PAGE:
2. Objectives

The objective of this investigation was to assess the current prevalence of MDD, GAD, and MetS, and the relationship between these variables in Nakhon Pathom province in Thailand.

3. Materials and Methods

3.1. Sampling

In a cross-sectional study, temple members (35 - 65 years old) from 12 randomly selected Buddhist temples in Nakhon Pathom province were consecutively screened for prehypertension and prediabetes by research nurses, using a diabetes risk screen and blood pressure assessment.

Individual inclusion criteria included men and women, 35 to 65 years old, visiting the temple, and having a diagnosis of prehypertension and pre-diabetes (having systolic blood pressure (SBP)/diastolic blood pressure (DBP) ≥ 120 - 139/80 - 89 mmHg or fasting plasma glucose (FPG) ≥ 100 and < 126 mg/dL). Exclusion criteria were temple members under the age of 35 and above 65 years, having a diagnosis of cardiovascular disease, type 2 diabetes, hypertension, substance abuse, and taking psychotropic medication.

For sample size calculation based on the literature of studies, the prevalence of MetS in the adult population was found to be 20 to 25% globally and 24% in Thailand (2,3), and the prevalence of depression among adults in Thailand was 10.6% (14). MetS with depression was approximately 40% (15) and MetS with depression was 39.9 % (16). The sample size was calculated using EpiInfo Version 7 (CDC web) with screening and meeting criteria in a population of 770, expected the frequency of maximum possible of 50%, an acceptable margin of errors of 5, and a design effect of 1. At a confidence level of 99%, the minimum sample size required for this study was 356.

3.2. Instruments

Blood pressure (BP) was assessed with an automated digital BP monitor (validated) based on Thai guidelines (17). Prediabetes was first screened with the Thai diabetes risk score tool (having a score of seven or more) (18). In a confirmatory testing, a professional nurse collected fasting venous blood samples from the temple members for lipid profile and FPG test. The lipid profile and plasma glucose were determined by using cholesterol oxidase-phenol aminophenazone (CHOD-PAP) and uniform glucose oxidase-peroxidase methods, respectively.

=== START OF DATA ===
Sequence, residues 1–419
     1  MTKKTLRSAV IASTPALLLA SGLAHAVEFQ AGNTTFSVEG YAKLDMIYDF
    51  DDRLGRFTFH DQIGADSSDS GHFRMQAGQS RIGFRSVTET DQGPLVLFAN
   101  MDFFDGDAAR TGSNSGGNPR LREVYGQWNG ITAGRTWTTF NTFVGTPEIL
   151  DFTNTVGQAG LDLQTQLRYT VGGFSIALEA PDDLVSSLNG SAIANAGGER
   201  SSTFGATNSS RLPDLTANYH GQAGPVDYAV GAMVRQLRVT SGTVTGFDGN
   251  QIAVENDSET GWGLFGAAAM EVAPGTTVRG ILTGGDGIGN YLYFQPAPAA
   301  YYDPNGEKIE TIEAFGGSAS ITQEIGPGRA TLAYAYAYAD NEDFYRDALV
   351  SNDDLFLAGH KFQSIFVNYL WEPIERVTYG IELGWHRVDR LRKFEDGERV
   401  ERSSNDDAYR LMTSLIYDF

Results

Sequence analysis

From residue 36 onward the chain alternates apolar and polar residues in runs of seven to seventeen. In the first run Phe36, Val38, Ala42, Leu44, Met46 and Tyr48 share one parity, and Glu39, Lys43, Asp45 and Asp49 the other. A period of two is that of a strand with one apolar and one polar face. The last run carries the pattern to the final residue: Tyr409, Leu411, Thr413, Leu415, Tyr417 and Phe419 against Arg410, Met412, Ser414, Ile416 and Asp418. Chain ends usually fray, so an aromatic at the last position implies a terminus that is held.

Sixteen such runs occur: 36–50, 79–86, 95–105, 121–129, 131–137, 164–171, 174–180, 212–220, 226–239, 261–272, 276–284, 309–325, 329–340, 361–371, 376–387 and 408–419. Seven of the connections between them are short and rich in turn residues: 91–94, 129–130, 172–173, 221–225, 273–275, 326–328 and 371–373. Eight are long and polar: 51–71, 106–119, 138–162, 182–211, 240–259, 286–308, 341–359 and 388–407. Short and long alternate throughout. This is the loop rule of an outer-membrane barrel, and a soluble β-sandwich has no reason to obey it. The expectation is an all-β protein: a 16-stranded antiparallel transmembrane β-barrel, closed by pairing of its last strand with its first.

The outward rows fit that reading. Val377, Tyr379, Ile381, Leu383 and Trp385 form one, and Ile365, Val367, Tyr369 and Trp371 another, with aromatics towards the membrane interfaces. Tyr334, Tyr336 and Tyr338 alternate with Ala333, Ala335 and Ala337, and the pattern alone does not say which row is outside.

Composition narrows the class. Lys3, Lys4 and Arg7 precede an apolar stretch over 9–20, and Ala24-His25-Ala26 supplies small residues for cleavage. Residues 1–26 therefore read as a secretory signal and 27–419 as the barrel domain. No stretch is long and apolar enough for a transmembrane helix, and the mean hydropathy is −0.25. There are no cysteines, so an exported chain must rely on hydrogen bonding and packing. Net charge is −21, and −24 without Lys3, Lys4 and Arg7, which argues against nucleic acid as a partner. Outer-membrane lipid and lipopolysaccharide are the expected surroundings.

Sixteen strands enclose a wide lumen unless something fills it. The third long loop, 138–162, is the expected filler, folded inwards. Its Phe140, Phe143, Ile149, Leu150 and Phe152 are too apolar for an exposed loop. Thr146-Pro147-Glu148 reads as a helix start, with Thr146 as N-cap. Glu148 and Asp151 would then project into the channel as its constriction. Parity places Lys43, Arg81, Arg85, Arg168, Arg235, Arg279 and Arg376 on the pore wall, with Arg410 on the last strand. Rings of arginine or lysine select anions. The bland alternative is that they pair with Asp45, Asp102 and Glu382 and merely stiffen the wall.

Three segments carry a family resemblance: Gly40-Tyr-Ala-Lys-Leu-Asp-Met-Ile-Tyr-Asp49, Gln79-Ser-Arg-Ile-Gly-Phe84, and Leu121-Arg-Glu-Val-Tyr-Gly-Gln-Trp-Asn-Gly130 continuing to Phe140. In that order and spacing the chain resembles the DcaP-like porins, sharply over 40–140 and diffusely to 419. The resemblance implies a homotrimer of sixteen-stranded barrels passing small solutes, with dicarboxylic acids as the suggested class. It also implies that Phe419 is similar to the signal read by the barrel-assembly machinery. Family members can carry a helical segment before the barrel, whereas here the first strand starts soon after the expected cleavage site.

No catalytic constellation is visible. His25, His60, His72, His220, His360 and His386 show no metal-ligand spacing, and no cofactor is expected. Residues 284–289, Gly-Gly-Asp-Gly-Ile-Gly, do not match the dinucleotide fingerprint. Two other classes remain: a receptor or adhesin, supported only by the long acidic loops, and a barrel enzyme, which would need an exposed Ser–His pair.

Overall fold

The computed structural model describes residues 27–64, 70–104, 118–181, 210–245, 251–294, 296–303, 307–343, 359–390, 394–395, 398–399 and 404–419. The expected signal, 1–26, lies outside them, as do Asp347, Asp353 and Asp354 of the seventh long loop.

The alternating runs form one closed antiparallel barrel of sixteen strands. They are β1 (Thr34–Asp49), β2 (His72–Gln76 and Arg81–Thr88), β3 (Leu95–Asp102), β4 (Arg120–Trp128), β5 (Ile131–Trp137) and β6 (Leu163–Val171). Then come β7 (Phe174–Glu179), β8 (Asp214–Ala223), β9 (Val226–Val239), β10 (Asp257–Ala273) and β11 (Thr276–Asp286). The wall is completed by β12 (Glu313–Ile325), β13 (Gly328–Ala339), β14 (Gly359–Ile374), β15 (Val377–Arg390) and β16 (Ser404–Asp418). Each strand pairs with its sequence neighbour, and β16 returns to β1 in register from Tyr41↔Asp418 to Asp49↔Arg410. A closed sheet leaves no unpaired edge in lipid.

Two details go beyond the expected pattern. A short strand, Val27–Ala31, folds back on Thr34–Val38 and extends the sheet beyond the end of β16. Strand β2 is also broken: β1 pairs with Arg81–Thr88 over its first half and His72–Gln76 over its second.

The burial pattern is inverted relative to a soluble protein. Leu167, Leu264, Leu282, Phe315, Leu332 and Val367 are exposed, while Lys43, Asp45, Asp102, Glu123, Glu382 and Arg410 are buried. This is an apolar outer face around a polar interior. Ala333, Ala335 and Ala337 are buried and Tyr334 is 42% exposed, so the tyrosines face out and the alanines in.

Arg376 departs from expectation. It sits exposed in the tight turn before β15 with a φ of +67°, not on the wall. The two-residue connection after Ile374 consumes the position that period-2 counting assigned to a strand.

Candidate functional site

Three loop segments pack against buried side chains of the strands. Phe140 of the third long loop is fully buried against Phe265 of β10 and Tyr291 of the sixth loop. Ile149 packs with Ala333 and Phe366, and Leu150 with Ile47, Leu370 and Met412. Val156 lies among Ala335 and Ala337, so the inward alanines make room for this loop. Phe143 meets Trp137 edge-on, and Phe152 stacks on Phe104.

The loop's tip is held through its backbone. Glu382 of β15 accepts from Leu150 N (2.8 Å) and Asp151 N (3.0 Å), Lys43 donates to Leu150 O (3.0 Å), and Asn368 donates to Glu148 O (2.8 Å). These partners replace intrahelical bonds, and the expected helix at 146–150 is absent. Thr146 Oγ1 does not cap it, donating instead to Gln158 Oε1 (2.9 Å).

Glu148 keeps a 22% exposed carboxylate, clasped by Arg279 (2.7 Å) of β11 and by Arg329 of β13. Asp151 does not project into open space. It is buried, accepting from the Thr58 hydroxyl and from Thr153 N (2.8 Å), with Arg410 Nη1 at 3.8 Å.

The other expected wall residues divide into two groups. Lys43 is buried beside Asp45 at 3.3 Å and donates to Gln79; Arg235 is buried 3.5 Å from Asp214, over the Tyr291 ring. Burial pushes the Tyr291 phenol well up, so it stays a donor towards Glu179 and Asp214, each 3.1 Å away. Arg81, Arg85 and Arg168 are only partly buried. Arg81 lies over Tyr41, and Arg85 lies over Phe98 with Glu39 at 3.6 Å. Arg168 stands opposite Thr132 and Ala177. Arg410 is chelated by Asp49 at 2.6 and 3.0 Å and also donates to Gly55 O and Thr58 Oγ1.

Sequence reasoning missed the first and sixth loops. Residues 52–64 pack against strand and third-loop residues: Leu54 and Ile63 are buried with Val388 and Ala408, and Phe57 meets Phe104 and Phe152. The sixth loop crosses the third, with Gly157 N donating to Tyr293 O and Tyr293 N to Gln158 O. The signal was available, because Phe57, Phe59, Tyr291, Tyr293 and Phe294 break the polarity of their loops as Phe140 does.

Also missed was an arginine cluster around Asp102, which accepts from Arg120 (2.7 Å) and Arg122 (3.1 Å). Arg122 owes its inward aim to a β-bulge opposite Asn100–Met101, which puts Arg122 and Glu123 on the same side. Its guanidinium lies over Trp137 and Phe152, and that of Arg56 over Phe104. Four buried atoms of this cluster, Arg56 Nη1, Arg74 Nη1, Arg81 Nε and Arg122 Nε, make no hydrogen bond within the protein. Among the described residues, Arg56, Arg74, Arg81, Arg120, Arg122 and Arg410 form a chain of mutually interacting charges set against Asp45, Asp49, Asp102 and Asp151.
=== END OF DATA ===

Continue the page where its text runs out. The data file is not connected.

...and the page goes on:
Participants with a fasting glucose level from 100 to 125 mg/dL (5.6 to 7.0 mmol/L) and/or systolic blood pressure between 120 and 139 mmHg and/or a diastolic blood pressure of 80 - 89 mmHg, and those not taking any hypertension and/or glucose influencing drugs were included in the study. The consensus definition (incorporating IDF and AHA/NHLBI definitions) was used for MetS (1): “Any three of the following: Elevated waist circumference (WC) (according to the Southeast Asian population definitions: WC of 90 cm or more in men and 80 cm or more in women), Triglycerides 150 mg/dL or greater, HDL-cholesterol < 40 mg/dL in men and < 50 mg/dL in women, BP 130/85 mmHg or greater, and fasting glucose 100 mg/dL or greater”.

3.2.1. Anthropometric Measurements

Anthropometric measurements were conducted using standardized procedures (19-21). Body mass index (BMI) was expressed as weight in kilograms divided by height in meters squared.

Questionnaires on depression, anxiety, substance use, and sociodemographic information were interview-administered by trained researchers. They included the following: